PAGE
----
Before the end of the war, the response of the United States and the Allies to German anti- Semitic policies was severely limited. Although passage of the Nuremberg laws and the organized attacks on Jews such as Kristallnacht were widely reported, little action was taken by the world community to stop the Nazis. Immigration laws were not eased to grant asylum to Jewish refugees. Once the war began, no military action was taken to interrupt the shipment of people to the death camps. As the war ended, the death camps of the Final Solution horrified both the soldiers who liberated these camps and the public. The Allies responded to the war crimes committed during World War II by Adolph Hitler and the German Nazis by identifying war criminals and putting them on public trial. Although Hitler committed suicide and so escaped prosecution, some Nazi officers and civilians were charged with crimes against humanity at the Nuremberg War Crimes Trials . Although many pleaded that they were “just following orders,” the conviction and death sentence of twelve Nazis demonstrated that
U NITED S TATES H ISTORY AND THE C ONSTITUTION USHC 7.4 – June 18, 2012 individuals are responsible for their own actions. The Nuremberg trials established the precedent for future trials on war crimes. It has not, however, brought an end to genocide. The establishment of the state of Israel after the war, the prompt recognition by the United States of Israel, and the United States’ continuing support for Israel in the Middle East are a result of the impact of German war crimes on the conscience of the world and the United States. It is not essential for the students to know: Students do not need to know the details of the United States policy towards Jewish immigrants before the outbreak of the war, including the rejection of the St Louis passengers. They do not need to understand the controversy over the lack of American effort during the war to stop the death camps. They do not need to know the details of the war crimes trials nor the names of those who were tried and convicted. They do not need to know specifics about other examples of genocide such as the Armenian massacre of the 1920s, the actions of the Khmer Rouge in Cambodia in the 1970s, the ‘ethnic cleansing’ committed during the civil war in Bosnia, the slaughter in Rwanda in the 1990s, or the Darfur crisis. Students do not need to know the hardships that liberated Jews endured after the war in getting to Israel and establishing their community there. Social Studies Literacy Skills for the Twenty-First Century: Analyze, interpret and synthesize social studies information to make inferences and draw conclusions. Examine the relationship of the present to the past and use knowledge of the past to make informed decisions in the present and extrapolate into the future.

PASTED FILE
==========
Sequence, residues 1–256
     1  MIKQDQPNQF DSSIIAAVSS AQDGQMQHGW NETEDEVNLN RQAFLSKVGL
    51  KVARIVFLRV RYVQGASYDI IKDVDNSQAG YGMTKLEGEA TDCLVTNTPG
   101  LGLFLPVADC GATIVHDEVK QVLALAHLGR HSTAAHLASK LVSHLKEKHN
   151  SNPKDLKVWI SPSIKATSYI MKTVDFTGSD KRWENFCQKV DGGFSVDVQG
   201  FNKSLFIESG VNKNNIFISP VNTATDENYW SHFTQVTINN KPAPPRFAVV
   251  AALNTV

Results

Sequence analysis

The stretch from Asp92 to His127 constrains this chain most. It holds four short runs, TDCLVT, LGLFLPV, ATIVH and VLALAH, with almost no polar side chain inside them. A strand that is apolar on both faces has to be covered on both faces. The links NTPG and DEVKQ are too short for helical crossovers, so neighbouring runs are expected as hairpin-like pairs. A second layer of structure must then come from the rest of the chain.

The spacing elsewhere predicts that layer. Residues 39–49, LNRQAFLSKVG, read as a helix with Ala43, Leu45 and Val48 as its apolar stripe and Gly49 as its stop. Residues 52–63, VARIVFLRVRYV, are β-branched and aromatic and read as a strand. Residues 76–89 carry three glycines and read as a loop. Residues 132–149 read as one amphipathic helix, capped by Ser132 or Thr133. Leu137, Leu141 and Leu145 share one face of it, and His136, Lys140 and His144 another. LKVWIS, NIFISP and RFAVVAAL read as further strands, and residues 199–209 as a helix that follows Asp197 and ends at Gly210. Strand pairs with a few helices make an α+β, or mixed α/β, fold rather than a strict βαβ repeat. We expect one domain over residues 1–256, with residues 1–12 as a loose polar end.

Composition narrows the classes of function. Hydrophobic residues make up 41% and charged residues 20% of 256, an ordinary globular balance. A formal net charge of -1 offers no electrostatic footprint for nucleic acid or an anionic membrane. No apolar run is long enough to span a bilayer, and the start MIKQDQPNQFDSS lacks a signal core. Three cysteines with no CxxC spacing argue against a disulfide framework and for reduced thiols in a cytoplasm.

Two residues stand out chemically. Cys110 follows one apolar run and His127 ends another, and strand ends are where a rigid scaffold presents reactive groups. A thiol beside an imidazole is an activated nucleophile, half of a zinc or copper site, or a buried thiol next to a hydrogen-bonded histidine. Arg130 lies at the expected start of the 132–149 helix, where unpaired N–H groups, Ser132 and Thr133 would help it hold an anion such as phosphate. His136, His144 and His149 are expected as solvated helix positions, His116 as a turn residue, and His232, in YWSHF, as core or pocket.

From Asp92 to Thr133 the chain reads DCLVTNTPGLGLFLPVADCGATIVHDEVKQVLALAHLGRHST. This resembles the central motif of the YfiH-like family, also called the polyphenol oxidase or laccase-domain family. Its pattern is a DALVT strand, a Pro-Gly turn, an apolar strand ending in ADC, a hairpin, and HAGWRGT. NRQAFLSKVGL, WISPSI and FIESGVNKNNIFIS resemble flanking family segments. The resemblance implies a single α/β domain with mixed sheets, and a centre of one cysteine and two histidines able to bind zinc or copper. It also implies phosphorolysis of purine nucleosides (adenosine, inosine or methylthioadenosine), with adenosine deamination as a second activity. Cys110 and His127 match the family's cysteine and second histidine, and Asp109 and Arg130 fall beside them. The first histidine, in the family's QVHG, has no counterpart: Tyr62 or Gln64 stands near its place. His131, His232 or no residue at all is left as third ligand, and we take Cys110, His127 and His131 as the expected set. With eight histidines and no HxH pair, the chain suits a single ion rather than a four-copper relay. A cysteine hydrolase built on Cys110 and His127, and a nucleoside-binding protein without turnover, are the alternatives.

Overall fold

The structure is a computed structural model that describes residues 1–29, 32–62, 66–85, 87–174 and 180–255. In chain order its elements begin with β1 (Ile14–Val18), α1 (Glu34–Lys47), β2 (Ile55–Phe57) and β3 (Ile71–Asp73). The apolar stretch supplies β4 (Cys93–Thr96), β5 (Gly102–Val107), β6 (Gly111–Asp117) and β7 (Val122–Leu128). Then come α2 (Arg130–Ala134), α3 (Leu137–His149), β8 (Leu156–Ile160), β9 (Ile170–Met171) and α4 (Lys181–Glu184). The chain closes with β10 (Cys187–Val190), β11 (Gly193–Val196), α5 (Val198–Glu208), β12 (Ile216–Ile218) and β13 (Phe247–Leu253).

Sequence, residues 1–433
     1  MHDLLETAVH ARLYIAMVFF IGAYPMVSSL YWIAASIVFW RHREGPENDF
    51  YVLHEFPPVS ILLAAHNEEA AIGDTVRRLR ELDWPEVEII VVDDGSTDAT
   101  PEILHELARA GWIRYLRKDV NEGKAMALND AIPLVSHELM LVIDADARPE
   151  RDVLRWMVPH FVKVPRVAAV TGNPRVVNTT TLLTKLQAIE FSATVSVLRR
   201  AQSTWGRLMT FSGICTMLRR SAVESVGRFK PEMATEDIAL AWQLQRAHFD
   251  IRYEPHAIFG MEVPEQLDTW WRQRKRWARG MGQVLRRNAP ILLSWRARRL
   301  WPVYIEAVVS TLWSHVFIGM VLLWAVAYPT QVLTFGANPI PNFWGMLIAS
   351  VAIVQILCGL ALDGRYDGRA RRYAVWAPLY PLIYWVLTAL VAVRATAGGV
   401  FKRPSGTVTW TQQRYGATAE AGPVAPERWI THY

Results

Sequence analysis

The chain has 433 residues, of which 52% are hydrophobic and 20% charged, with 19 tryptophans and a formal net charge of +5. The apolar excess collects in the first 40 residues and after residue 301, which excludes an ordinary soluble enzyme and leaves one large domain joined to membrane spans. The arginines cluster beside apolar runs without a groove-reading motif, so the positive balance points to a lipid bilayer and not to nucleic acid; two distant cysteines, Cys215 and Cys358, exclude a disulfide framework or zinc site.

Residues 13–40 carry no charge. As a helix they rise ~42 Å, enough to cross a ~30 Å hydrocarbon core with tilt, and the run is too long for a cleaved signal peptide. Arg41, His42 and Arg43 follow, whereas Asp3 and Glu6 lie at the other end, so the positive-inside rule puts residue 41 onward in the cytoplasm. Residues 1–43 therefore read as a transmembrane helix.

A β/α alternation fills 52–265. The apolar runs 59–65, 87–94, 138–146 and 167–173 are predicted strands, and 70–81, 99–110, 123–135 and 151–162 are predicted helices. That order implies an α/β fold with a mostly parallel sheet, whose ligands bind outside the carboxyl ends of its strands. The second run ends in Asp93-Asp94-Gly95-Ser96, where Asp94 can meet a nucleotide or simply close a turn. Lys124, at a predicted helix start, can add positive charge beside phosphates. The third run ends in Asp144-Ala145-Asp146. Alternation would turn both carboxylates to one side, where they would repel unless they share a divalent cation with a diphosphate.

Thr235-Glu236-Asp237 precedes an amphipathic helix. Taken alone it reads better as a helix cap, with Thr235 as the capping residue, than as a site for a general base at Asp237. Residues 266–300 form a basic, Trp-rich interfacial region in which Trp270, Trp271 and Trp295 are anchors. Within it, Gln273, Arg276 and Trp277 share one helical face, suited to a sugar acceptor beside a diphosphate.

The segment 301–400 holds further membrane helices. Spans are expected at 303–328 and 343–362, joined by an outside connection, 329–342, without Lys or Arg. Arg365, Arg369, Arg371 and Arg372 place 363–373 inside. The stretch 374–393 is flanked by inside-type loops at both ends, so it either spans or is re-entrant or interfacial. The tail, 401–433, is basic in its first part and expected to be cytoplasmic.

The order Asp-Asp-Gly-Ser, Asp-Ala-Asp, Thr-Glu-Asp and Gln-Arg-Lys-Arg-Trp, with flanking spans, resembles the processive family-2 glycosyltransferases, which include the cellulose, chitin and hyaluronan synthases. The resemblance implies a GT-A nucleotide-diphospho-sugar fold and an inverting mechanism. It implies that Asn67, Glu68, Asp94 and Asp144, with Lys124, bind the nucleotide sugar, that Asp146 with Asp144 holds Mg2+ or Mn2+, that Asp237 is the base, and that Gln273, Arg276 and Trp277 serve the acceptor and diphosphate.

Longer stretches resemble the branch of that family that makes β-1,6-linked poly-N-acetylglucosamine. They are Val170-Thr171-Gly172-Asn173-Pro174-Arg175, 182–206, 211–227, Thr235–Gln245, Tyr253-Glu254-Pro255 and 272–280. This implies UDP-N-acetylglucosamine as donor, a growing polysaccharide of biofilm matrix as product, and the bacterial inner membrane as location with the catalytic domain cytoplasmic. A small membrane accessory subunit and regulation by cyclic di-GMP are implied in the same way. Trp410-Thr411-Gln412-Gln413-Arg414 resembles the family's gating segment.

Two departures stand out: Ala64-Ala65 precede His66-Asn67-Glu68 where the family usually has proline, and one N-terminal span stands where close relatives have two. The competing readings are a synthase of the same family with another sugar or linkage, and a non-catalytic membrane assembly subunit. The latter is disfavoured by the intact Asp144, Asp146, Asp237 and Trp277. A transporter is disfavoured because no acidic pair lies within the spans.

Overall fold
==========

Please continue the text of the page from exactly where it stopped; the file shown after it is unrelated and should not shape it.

- Fall '16
- Erin Burt
- Democracy, American Revolution, United States Declaration of Independence, Thirteen Colonies